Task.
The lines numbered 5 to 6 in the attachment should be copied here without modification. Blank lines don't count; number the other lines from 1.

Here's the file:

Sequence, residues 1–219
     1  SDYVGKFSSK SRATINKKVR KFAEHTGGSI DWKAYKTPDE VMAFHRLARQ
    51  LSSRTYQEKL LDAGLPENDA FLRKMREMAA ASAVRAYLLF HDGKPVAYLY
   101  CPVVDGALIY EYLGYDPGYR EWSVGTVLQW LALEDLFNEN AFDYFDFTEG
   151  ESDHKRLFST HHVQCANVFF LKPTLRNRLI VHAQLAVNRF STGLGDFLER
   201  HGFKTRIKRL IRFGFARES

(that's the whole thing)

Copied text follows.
   151  ESDHKRLFST HHVQCANVFF LKPTLRNRLI VHAQLAVNRF STGLGDFLER
   201  HGFKTRIKRL IRFGFARES